PlanPhilly

LOVE Park renovation breaks ground, skateboarding ban temporarily lifted

LOVE Park’s long-anticipated renovation was celebrated Wednesday morning with a ceremonial groundbreaking, and an announcement that the city would lift the park’s skateboarding ban through Presidents’ Day.

“Between now and February 15th we’re going to lift the ban on skating here and allow folks to come back and experience this place one more time before it goes under construction,” said Mayor Jim Kenney, acknowledging LOVE Park’s important place in the hearts of skateboarders worldwide. “Come back for one more spin on your board.”

Kenney gave credit for the idea to Jesse Rendell, Ed Rendell’s son, a lawyer and avid skater affiliated with Franklin’s Paine Skatepark Fund.

The future LOVE Park won’t welcome skateboarding, but the hope is that it will thrive as a new civic heart in Center City, creating a better link to the Parkway and complementing the new Dilworth Park at City Hall.

“It’s a Center City park, but it’s a lot more than that. It’s a place for all citizens, all citizens, from all over the city to come and gather, to protest, to celebrate, to come in times of trouble and in times of joy. It has that special place in the life of the city,” said Managing Director Mike DiBerardinis to the small crowd stuffed into the Fairmount Park Welcome Center. “It really is a significant public space and it deserves the attention and the resources that we’re putting into it now.”

    • LOVE Park groundbreaking, February 2016
      LOVE Park groundbreaking, February 2016

The city sold the garage below JFK Plaza / LOVE Park to Interpark in 2014. The impetus for the park project was actually born from the need to peel back the park to waterproof the leaky garage roof below. That presented an opportunity to rethink the mid-century plaza on top and make the garage ADA accessible. That opportunity also prompted public conversations about what LOVE Park should become, including a proposal from Council President Darrell Clarke for a heavy presence of revenue-generating uses. So Philadelphia Parks and Recreation and the Fairmount Park Conservancy embarked on deeper conversations with City Council, a civic engagement process, and economic study to inform the design team led by Hargreaves Associates.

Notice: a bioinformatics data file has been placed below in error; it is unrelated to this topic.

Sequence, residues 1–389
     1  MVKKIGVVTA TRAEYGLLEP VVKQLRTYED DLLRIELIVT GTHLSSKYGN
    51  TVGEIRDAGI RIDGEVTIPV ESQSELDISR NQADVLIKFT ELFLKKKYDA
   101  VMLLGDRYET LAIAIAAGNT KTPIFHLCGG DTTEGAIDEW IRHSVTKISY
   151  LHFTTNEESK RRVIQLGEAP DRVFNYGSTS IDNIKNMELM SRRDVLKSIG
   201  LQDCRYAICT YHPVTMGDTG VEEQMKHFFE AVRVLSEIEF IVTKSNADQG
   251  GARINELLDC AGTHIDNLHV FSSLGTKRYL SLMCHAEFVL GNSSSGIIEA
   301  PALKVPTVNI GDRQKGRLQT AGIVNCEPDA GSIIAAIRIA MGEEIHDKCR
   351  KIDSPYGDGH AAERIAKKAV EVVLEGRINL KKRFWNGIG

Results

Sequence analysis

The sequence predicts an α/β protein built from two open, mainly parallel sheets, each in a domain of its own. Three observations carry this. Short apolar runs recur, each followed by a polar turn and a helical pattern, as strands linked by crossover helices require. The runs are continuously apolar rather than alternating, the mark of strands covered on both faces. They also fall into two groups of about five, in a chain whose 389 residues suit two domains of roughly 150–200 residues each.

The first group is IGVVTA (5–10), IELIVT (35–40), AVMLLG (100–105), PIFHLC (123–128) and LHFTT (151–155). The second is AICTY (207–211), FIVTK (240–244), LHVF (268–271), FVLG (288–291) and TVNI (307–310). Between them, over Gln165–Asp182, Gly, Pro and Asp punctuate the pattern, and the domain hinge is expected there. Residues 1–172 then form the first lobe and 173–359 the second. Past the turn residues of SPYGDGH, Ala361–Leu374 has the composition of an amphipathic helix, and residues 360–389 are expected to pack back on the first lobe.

“It’s a project about public-private partnership. It’s a project about political will and vision. It’s a project about public participation. It’s a project about making a place more civic, more democratic, more open, more welcoming,” said Mary Margaret Jones, principal at Hargreaves. “The process was not just our design process, it was yours.”

In the coming weeks more of LOVE Park will be fenced off and its surfaces peeled away. Robert Indiana’s sculpture will be moved and conserved and the old granite pavers will be salvaged for reuse (including in skateparks across the city), making way for repairs and waterproofing of the garage roof. The new park is expected to open in spring 2017. The combined cost of renovating the park and the saucer-shaped Fairmount Park Welcome Center is $16.5 million.

“I hope today’s groundbreaking is the first of many as we make bold plans to invest in parks and recreation facilities across the city,” said Parks and Recreation Commissioner Kathryn Ott Lovell, who began work on this project in her tenure as director of the Fairmount Park Conservancy.